'Gate mitras' to avoid accidents at unmanned level crossings in northeast
As a precursor to removing all the 10,440 unmanned level crossings across the country by 2020, a beginning is being made in Assam by deploying a 'gate mitras' - literally friend at the gate - at six such places in Assam to bring down accidents
Agartala: As a precursor to removing all the 10,440 unmanned level crossings across the country by 2020, a beginning is being made in Assam by deploying a 'gate mitras' - literally friend at the gate - at six such places in Assam to bring down accidents, an official said.
"Assam's Tinsukia division of Northeast Frontier Railway NFR has recently deployed gate Mitras at six UMLC gates to ensure safety of road uses. Gradually gate mitras would be deployed at other places in the northeastern states," NFR chief public relations officer Pranav Jyoti Sharma told IANS.
"To avoid accidents, gate mitras have been deployed at such UMLCs where the road traffic is high and there are apprehensions of mishaps," he added.
The gate Mitras would be paid Rs.7,000 to Rs.10,000 per month. They would stay at a nearby railway station or a government building and would be provided a schedule as to when they should be at the crossing. The railways would provide them with a uniform, alongwith a high-power light, a flag and a whistle to eanble them warn oncoming road traffic of an approaching train.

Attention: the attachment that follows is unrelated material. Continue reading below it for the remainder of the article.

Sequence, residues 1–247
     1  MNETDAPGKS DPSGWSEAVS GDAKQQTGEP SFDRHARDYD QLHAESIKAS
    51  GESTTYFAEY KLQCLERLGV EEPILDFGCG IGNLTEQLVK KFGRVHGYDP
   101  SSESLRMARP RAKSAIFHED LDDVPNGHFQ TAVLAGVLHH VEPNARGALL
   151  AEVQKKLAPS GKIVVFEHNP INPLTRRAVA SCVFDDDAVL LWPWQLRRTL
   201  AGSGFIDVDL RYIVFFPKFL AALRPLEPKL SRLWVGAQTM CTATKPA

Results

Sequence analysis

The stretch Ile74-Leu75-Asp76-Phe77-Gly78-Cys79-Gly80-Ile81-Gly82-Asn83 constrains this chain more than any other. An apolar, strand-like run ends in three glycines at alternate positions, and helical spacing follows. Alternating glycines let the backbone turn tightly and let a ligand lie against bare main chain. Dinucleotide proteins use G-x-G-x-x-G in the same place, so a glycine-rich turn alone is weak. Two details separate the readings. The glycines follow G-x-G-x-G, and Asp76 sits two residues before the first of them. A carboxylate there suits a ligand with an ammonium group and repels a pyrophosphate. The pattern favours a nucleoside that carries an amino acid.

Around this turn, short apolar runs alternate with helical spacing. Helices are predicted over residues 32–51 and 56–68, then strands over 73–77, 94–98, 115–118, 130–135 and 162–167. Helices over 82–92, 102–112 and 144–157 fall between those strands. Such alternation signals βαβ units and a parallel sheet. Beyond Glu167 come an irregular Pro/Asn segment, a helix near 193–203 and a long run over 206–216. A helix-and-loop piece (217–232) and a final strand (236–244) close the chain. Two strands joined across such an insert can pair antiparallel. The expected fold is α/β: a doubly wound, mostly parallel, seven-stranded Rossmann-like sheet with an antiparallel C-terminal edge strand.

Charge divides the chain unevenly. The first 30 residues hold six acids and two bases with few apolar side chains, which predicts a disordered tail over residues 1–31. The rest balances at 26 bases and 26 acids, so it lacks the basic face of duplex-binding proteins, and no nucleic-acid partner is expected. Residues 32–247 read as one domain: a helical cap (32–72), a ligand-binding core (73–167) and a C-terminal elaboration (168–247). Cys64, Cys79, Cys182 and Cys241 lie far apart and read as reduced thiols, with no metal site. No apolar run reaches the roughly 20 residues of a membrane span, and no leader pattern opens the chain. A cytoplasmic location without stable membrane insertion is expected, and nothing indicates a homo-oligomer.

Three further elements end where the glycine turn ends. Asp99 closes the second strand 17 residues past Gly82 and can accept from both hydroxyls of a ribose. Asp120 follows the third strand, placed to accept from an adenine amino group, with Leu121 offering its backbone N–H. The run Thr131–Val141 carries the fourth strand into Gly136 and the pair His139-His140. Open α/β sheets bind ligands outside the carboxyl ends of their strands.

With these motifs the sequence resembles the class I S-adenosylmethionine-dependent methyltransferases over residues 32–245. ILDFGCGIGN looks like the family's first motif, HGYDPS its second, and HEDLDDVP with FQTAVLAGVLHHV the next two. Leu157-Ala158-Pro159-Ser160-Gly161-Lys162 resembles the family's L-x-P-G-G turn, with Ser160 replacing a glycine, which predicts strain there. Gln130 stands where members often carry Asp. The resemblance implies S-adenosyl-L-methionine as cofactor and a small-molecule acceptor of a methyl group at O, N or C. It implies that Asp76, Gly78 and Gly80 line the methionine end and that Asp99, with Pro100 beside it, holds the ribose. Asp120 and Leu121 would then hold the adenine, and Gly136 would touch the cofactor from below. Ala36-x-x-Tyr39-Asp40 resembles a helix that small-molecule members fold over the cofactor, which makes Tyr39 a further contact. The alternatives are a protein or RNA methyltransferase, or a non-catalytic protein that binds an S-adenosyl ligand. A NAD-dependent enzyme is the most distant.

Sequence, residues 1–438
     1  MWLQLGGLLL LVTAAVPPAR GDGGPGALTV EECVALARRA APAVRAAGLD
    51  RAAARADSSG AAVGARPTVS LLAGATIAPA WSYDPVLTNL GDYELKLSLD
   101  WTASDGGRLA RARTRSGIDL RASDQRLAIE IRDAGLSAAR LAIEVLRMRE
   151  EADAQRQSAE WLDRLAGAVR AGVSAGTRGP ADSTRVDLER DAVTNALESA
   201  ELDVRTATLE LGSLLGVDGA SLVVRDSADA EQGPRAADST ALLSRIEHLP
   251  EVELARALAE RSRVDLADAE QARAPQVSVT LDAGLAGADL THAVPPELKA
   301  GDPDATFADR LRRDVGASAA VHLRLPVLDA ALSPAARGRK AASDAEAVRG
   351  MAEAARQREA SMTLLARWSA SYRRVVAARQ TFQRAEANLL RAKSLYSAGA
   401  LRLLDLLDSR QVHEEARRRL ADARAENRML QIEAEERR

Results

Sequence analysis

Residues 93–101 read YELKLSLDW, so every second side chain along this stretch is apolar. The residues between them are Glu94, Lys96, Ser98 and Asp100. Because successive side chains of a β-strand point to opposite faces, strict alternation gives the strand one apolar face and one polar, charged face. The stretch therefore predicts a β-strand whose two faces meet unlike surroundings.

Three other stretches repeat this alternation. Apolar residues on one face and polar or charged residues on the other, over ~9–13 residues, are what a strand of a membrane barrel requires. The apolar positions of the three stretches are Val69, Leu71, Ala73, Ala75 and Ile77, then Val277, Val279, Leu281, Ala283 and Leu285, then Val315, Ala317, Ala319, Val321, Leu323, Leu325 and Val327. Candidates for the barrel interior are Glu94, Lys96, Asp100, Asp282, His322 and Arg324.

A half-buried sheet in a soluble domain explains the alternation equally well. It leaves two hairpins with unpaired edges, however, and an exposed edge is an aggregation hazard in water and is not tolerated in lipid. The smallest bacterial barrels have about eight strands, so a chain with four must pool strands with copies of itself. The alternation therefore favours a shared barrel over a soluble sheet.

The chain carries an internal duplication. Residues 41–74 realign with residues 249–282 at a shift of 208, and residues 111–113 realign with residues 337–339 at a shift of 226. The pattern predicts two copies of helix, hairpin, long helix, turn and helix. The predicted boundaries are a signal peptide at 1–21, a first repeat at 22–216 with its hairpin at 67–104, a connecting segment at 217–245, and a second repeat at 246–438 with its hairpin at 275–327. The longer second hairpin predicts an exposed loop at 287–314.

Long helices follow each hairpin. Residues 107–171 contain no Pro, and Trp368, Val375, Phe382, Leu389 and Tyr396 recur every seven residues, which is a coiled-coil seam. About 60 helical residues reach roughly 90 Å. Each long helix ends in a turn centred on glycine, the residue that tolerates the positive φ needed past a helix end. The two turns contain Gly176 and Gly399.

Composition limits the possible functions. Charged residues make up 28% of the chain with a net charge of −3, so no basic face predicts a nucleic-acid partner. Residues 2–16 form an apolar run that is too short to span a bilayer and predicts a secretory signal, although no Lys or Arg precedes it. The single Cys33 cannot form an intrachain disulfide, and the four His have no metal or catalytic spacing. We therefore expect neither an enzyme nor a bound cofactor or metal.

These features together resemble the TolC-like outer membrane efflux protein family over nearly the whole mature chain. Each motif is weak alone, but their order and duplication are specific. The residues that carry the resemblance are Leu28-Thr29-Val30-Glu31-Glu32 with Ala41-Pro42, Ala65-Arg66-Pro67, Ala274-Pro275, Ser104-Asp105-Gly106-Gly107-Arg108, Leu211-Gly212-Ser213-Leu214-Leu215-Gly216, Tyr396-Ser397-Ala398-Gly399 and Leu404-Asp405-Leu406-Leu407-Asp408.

Selection of gate mitras would be through outsourcing from manpower providers, the official said.
Sharma said the gate mitras are primarily meant to counsel road users to be vigilant while crossing UMLCs. To this end, they would also distribute safety pamphlets.
"The idea is to put in place a mechanism before all UMLCs are eventually converted into either manned gates, limited height subways or road over bridges depending on the feasibility," he added.
The official said that normally caution boards are also erected on both sides of the UMLCs to alert road-users. Speed breakers are also provided on both approaches. Drivers of passing trains are mandated to sound a loud continuous whistle while approaching UMLCs.
"However it is seen that accidents do occur when road users fail to be alert while crossing the railway track. The gate mitras would counsel people to be alert and to educate them to gauge the speed of the trains so that they do not take unnecessary risks while crossing the railway track," Sharma added.
"This initiative of NFR is expected to go a long way in minimising accidents at UMLCs," he added.
Mishaps at UMLCs have been claiming many lives over the years. Of the 29,487 level crossings across the country, 19,047 are manned and 10,440 are unmanned.